Fr. Roger J. Landry
Putting into the Deep
August 8, 2014
As part of the New Evangelization, there is a lot of legitimate focus, energy, study and money being spent about how to get fallen away Catholics back to the practice of the faith. But one of the questions that regularly arises whenever outreaches are planned is what the re-evangelized will be coming back to should they respond to a divine and human invitation.
Will they be returning to a vibrant parish that will receive them with enthusiasm and energize them to continue to grow in faith? Or will they come back to a parish of the “frozen chosen,” a cold or lukewarm group of half-hearted, barely alive, bored believers who seem to survive rather than celebrate Mass and to treat their faith more as a burden than a blessing?
Just like with the seven Churches Jesus addresses in the Book of Revelation, so today there are parishes that are faithfully thriving like Ephesus, Smyrna and Philadelphia, others that are mixed bags like Pergamum and Thyatira, many that are “lukewarm” like Laodicea, and some that are actually “dead” like Sardis.
What accounts for the difference between parishes that are dynamic and those that are dying? The answer may be somewhat obvious but parishes that are alive have a critical mass of parishioners who are excited and enthusiastic about growing in the faith, whereas those in decline are often leavened by parishioners who are stagnant, uninvolved, and minimalistic.
One of the best books I’ve found to describe the difference between the two is Matthew Kelly’s recent The Four Signs of a Dynamic Catholic. I gave copies to all my parishioners last Advent as part of Kelly’s Dynamic Catholic Parish Book Program. Kelly is a 41-year-old, Australian-born business consultant who has been using his business school know-how to try to help the Church discover best practices to help people and parishes grow in faith.
Kelly and his team at Dynamic Catholic sought to study the differences between vibrant Catholics who get involved in the life of their parishes and those that remain on the sidelines. They anticipated that, like in many organizations, they’d find that 20 percent of parishioners would cause 80 percent of the effects, what’s called in business that Pareto principle.
Instead they discovered that not 20 but 6.4 percent of registered parishioners contributed 80 percent of the volunteer hours, that 6.8 percent of registered parishioners donated 80 percent of financial contributions, and that there was an 84 percent overlap between the two groups. That meant that for the most part, only 7 percent of parishioners are giving 80 percent of the time and treasure of a parish and 93 percent are giving less than 20.
While to most that would seem like bad news, Kelly saw a silver lining. Imagine, he said, what would happen if we increased the percentage of actively engaged parishioners in a parish from 7 to 8 percent. That would mean that volunteers hours in a parish would increase by 15 percent and in general collections would grow by the same margin. If a parish were able to succeed in getting 14 percent of parishioners to become truly engaged, the volunteer hours and the collection fueling so many parish programs would double.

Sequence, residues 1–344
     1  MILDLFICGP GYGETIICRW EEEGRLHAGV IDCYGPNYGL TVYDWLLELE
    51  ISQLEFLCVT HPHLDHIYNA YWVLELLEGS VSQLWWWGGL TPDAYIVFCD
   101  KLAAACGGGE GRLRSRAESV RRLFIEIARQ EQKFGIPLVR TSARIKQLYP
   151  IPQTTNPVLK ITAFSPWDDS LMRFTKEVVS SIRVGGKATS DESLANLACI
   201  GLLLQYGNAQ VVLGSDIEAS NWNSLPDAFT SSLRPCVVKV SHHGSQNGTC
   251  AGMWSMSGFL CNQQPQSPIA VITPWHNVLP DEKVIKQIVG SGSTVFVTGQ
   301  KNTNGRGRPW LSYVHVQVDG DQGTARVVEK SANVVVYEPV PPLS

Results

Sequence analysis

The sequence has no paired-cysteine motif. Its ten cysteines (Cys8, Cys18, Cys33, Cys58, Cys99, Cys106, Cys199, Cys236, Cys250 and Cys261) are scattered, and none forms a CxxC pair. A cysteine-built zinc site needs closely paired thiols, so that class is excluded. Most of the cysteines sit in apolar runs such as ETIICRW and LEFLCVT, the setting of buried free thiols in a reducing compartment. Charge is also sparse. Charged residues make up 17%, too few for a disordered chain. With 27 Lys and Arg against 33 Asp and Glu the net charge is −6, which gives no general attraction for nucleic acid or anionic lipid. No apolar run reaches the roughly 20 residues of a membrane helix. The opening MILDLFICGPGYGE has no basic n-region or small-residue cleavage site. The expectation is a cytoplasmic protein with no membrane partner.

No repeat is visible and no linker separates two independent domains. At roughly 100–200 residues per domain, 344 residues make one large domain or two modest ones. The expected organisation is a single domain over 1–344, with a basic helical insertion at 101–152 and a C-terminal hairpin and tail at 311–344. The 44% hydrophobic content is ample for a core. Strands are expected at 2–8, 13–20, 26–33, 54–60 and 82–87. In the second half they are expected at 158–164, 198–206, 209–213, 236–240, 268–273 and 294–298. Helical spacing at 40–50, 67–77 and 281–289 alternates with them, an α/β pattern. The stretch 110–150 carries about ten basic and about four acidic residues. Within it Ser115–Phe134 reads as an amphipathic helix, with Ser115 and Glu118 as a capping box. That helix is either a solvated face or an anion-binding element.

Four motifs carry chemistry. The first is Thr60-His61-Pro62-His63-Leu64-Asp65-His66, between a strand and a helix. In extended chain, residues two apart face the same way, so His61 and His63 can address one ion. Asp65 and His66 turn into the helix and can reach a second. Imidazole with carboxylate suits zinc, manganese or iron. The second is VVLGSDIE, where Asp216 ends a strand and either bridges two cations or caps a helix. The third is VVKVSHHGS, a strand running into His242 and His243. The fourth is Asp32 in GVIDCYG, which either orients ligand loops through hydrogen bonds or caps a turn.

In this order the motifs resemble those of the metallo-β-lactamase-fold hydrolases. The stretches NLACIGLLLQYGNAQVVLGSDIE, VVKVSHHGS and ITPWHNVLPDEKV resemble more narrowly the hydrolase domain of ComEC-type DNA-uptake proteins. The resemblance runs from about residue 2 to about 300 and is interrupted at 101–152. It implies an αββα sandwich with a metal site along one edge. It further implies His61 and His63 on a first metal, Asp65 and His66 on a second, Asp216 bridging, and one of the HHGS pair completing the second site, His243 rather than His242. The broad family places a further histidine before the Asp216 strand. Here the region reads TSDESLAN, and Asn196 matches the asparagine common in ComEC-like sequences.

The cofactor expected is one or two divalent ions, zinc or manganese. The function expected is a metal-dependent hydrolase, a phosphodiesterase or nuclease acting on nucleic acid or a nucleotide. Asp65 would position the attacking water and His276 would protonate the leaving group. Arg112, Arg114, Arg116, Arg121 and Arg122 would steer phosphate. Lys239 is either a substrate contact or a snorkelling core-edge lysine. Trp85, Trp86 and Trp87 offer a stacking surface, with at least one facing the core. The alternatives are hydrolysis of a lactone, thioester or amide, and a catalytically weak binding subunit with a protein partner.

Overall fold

Dynamic Catholic began to study what made the 7 percent of engaged parishioners different from the other 93 percent. Both groups came to Mass and both had gone to Catholic schools or religious education, but there were 264 concrete behaviors that differentiated them, behaviors that fell into four basic habits.
First, the 7 percent have a daily commitment to prayer, whereas the 93 percent pray spontaneously and inconsistently.
Second, the 7 percent are continuous learners, spending 90 minutes a week growing in faith through Catholic books, articles, CDs, DVDs, radio and television stations, Bible studies and other adult education opportunities, and retreats. The 93 percent on the other hand may have questions about the faith but don’t come up with a plan to grow.
Third, the seven percent are generous as a way of life, seen in their cutting out other activities to make the time to volunteer at the parish and prioritizing the parish in their budget. The 93 percent often have good intentions, but just never get around to making similar commitments.
Finally, the 7 percent share their faith with others because they recognize it as a gift whereas the 93 percent often approach their faith as something private and keep it mostly to themselves.
Vibrant parishes are generally those with higher percentages of those with the good habits found in the 7 percent.
The secret to creating more vibrant parishes, Kelly said, is to help people in the 93 percent grow in faith, a process that doesn’t happen overnight. He encourages incremental growth, like encouraging everyone to spend one more minute in prayer, to read one to five pages of a good Catholic book, and to do one good deed each day, to give one more percent to the parish, and to try to share one thing about the faith with someone else each week. Once people commit to growing in faith in these small steps, they often pick up steam and come fully alive. And once that starts happening, not only is their life richer, but their parishes become more vibrant.
I’d encourage those who want to see their parishes become more alive to pick up Kelly’s helpful and practical book, start applying the lessons to their own life and then encouraging family members and fellow parishioners to join them.